Finally the survey asked respondents about what they perceived as appropriate actions related to each of the situations. The potential responses were management should: do nothing, take preventative action, give warning or notify authorities. Related to shoplifting, 1.7 percent responded do nothing, 0 percent take preventative action, 59.5 percent said give warning. Using worthless check rated .9 percent do nothing, 6.1 percent take preventative action, 60 percent give warning. Dishonest coupon use posted results, 2.6 percent do nothing, 6.9 percent take preventative Action, and 26.7 percent give warning. Invalid warranty claim reported, 2.8 percent do nothing, 13.9 percent take preventative action and 29.1 percent give warning.

I encourage you to read the entire publication as it really does investigate and evaluate the issue of consumer initiated fraud.

Another mention of consumer initiated fraud was found in this paper published by the Philadelphia Fed http://www.philadelphiafed.org/consumer-credit-and-payments/payment-cards-center/publications/discussion-papers/2002/fraudmanagement_042002.pdf, In November 2001, The Philadelphia Federal Reserve office hosted a workshop on fraud management in the credit card industry. This report detailed various aspects of fraud and not just the consumer initiated fraud that a merchant receives. There are a couple paragraphs out of this publication that I want to share.

“In the Internet world there is no such connection. The order flows anonymously from a computer that can be located anywhere with no ability for the merchant to authenticate that the card number presented is associated with the actual cardholder. At this point there is no authentication system that has been generally adopted by all parties (credit card associations, issuers, merchants and consumers). Smart cards used with readers attached to computers offer one possible solution; but to date there has been little interest by consumers or computer manufacturers to invest in this technology. Issuers broadly indemnify cardholders from Internet fraud; therefore there is little incentive for consumers to make such investments. Association rules allow issuers to charge back these fraudulent transactions to merchants, which further diffuses incentives to tackle the problem.

“Another factor, according to Buttafogo, is the percentage of Internet fraud transactions that may be classified as “familiar fraud.” A transaction may be legitimately initiated by the cardholder for a product that could be considered dubious in nature, (i.e., pornography on the Internet). When confronted by a family member the individual may deny knowledge of the transaction and then report it as fraud. A legitimately billed transaction can then be reported as “never received” and reversed by the issuing bank. The U.S. Banker in a December 2001 report on cyberfraud titled “I Didn’t Do It” suggested that pornography charges like these probably accounted for half of all online fraud.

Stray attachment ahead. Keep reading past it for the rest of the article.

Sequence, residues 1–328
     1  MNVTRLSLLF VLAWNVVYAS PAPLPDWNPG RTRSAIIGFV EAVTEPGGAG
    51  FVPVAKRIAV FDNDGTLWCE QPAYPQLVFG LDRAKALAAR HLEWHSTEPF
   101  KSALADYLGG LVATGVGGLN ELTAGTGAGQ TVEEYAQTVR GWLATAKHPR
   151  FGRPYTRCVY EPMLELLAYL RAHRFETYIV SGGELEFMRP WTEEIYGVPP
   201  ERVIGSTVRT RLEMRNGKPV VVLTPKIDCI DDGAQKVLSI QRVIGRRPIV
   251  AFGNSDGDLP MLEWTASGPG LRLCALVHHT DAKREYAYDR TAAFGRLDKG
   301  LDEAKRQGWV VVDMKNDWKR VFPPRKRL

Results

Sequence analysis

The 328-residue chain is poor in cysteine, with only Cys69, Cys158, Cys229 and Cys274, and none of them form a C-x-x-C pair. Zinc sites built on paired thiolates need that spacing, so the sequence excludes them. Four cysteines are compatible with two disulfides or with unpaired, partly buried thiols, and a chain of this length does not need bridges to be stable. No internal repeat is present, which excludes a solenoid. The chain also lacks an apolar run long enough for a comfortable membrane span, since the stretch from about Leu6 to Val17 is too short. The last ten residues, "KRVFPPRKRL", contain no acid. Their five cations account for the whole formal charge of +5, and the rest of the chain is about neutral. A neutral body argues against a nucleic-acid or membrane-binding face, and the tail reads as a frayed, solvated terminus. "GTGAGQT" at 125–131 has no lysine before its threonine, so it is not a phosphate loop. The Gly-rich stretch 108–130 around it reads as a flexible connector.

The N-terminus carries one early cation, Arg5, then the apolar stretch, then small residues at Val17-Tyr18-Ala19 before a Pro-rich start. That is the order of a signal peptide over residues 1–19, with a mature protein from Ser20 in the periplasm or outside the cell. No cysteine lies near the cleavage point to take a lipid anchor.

“Buttafogo then spoke about an even more insidious abuse in the card not present Internet environment. Computer programs, such as CreditMaster and Credit Wizard, are easily available on the Internet, and can be used to generate sequences of 16-digit credit card numbers from valid bank identification numbers or BINs (the first six digits of any card number). This enables the criminal to quickly transact multiple fraudulent sales from online merchants whose security does not block sales to sequential numbers. According to Buttafogo, these programs are the favored tools of organized gangs who are believed to be responsible for a significant percentage of the dollar losses associated with Internet fraud.”

To sum up the above discussion, consumers lie and steal at a rate that easily surpasses the restrictions for fraud placed on merchant accounts, online transactions suffer from a lack of systems that can guarantee the identity of the person entering the transaction information, online purchasing is targeted by fraudsters with computer programs to find and use card numbers and finally, merchants must bear the responsibility of this fraud as there is no incentive for anyone else in the transaction chain to take corrective action.

I think there are some very simple things that can be done to start to address the issue without putting more burden on the merchants while still being reasonable to the interests of the rest of the stakeholders. I will address these options in the next issue. In the meantime, ensure that your gateway and your merchant account provider can clearly articulate their current fraud measures and that they are continually working on your behalf to identify fraudulent transactions such as blocking sequential numbers to reduce the cost of fraud for your business.

Melody L is chief operating officer for L3 Payments.